The Annoying "Yes" Lady at Mass

Pentecostal WomanDue to many scheduling conflicts a few Sundays back, I went to Mass by myself without the wife and kids. Over the past month or so we began to notice a curious and regular disruption at the 9:30 a.m. Mass. The weird part was, I began to take a strange pleasure in it. It went something like this:

Priest prays out loud, "May the Lord accept the sacrifice at your ha-"

"YES LORD," interjects the affirmation from what sounds like an old African-American woman somewhere in the pews to the far back and right.

And it continues...

"For the praise and glory of your name..."


"For our-"


"-good and the good-"


"-of all our Church."


And it goes on and on like that, with the older lady interceding between every ten or so words from the Priest. Heads everywhere are trying to make clandestine surveillance of the pews around them without making it obvious that they are clearly distracted and pissed off.

Now I'm not going to lie, the first time my wife and I heard the Yes Lady we did what every other couple did. We looked at each other with faces of smirky inconvenience and gossiped after Mass about how obnoxious and distracting this woman was being, resolving that SOMEONE had to do SOMETHING.

I mean holy righteous anger batman! We are trying to PRAY here!

But this Sunday was different. Right around the Eucharistic prayer I noticed a small but steaming pile of self-righteous indignation in my pew. Curious, I kicked it up under the pew in front of me and listened again to the Yes Lady.

"Make holy, therefore, these gifts, we pray, by sending down your Spirit upon them like the dewfall, so that they may become for us the Body and Blood of our Lord, Jesus Christ."


A quick burst of willful naivete shot through my brain and I asked a question based on giving the Yes Lady the benefit of the doubt:

What if she really believes she is doing something important?

Suddenly I felt angry. I was angry at anyone who was angry at the Yes Lady. I was angry at the 59% of U.S. Catholics who don't attend Mass weekly. I was angry at the 62% of U.S. Catholics who don't claim a strong religious identity. I was angry at the 29% of U.S. Catholics who don't believe in a personal God. But most of the anger was aimed at myself, because I suddenly became ashamed that I felt so entitled to a distraction free Mass.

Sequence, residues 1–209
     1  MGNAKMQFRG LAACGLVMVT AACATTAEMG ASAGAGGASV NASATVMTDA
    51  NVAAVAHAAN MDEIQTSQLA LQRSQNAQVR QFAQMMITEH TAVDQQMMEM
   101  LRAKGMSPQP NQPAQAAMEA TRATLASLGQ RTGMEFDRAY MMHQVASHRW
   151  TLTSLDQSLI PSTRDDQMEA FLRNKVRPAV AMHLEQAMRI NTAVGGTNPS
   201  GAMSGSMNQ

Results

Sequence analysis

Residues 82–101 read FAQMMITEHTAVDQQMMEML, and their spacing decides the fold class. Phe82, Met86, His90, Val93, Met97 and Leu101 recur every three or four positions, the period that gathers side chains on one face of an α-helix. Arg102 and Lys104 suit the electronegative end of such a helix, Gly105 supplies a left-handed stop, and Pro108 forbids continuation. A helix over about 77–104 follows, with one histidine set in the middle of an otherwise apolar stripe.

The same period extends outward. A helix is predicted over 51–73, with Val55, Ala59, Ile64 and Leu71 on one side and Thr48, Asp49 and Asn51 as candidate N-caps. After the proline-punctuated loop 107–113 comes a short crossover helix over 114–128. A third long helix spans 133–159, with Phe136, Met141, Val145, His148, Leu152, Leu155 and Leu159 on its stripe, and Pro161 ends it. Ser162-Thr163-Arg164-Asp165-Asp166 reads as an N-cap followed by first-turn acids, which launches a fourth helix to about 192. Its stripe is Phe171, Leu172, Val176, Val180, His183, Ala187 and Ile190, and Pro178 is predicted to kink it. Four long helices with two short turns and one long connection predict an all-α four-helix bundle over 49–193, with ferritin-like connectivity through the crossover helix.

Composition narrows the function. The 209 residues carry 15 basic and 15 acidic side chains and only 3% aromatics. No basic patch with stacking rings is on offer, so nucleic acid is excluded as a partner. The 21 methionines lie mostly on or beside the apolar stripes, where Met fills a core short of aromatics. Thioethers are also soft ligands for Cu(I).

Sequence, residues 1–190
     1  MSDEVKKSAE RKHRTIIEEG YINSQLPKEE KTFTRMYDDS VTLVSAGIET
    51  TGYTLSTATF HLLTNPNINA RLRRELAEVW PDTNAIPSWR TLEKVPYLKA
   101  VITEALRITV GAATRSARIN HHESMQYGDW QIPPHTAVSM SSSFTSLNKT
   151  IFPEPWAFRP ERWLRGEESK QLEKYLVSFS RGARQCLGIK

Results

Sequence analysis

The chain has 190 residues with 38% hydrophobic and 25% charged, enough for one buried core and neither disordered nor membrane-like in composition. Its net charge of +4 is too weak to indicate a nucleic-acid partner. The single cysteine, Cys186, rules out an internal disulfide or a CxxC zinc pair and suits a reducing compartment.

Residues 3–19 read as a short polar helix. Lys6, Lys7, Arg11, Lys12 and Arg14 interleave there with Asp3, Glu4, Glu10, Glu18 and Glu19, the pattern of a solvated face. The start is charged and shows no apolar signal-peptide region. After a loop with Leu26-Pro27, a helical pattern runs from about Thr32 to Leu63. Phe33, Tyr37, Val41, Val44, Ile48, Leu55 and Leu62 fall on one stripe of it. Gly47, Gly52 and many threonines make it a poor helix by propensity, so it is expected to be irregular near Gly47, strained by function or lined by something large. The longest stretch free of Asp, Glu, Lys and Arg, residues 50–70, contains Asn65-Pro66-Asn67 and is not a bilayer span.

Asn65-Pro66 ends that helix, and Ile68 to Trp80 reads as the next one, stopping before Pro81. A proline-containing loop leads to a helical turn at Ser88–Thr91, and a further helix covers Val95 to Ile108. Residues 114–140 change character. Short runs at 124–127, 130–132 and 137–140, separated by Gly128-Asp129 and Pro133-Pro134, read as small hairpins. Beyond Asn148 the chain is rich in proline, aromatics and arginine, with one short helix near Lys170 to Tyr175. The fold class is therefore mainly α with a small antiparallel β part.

What do Catholics who leave the Church to join a Protestant denomination say one of their biggest reasons for leaving is? "My spiritual needs are not being met."

DISCLAIMER: There is a big conversation we could have about the discrepancy between a person's perception of not being spiritually fed, and the actual reality of the depth of spiritual fullness made available in the Catholic Church. And I could fill a hard drive with reasons why I don't think anyone should be constantly giving their public verbal consent to the Eucharistic Prayer. I'm not saying active participation must be busy participation.

But do we, who know the sublime reality of Mass, worship like we are being spiritually fed?

As I honestly examined my frustration with the Yes Lady, I realized I was really just frustrated by the notion of anything "happening" at Mass.

I watched the Priest raising up our gifts and the work of our hands - the bread, the wine, and all intentions we lay at the altar - but part of me didn't really expect God to accept them. I heard the Priest calling the Holy Spirit down on the altar with the conviction of Elijah, but part of me would have been inconvenienced by a rush of wind and tongues of fire. I heard the Priest imploring the help and intercession of an army of Saints, but part of me didn't really want them to show up. I cried aloud telling the Lord I'm not worthy for him to enter under my roof, begging Him to only say the word and heal me, but part of me didn't believe He could actually deny me. I waited mere minutes as we shuffled to the front of the Church to hold the endless, to consume the unconsumable, to swallow the sea, to insert infinite love into my size 34 waist, like a candle trying to hold the Sun, but part of me would be impatient if anyone took longer than seconds to take their wafer and move on.

Who is really being inconvenienced here anyways? Me? The guy who wanted a woman with expectant faith to shutup so I could go back to thinking my own thoughts during Mass?

Or God, who sits through Mass revealing Himself lovingly through His Son, humbly through bread and wine, vulnerably through His death on a Cross, and intimately through bodily communion, only for people like me to look on with blank stares like we're checking email? I've sent prayers to God soaked in tears asking Him to stop being so distant, and the next day been so impatient with a Priest who fumbled slowly through the Mass you would have thought if God himself showed up I'd tell Him to keep His homily short.

Thank God for the Yes Lady. I think only Yes Ladies get healed by Jesus. I think Yes Ladies walk out to Jesus on the water. I think the upper room was full of Yes Ladies at Pentecost. I think Yes Ladies' prayers heal the sick. I think Yes Ladies convert cities. I think only Yes Ladies can be tortured and martyred for Christ.

Is this a call for everyone to go all Southern Baptist this Sunday at their local parish? No. Please no.

But lets smile at the Yes Lady.

Because thanks to her, I pray more often for God to show up.

I pray more often for liturgical inconveniences.